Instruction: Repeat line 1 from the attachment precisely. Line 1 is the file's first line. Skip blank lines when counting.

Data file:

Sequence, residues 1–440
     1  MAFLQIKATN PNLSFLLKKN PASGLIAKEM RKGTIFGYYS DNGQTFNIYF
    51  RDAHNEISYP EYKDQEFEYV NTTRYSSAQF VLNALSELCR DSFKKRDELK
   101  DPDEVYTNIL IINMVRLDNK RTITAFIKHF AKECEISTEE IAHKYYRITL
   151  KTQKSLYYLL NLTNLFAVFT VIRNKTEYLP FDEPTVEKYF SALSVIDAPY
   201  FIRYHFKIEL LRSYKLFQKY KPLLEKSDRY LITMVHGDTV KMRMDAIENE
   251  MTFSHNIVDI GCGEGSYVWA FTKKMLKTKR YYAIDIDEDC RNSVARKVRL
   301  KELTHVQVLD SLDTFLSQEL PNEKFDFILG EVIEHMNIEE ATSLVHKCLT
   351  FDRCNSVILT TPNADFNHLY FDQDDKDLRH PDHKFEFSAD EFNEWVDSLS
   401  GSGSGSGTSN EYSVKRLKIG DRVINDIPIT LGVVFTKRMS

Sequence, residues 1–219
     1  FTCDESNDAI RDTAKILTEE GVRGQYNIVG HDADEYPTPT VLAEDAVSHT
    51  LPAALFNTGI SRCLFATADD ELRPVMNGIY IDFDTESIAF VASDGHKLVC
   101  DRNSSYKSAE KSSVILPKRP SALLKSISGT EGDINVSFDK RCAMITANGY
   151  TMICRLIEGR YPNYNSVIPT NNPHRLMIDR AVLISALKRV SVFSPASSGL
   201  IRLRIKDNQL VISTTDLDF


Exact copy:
Sequence, residues 1–440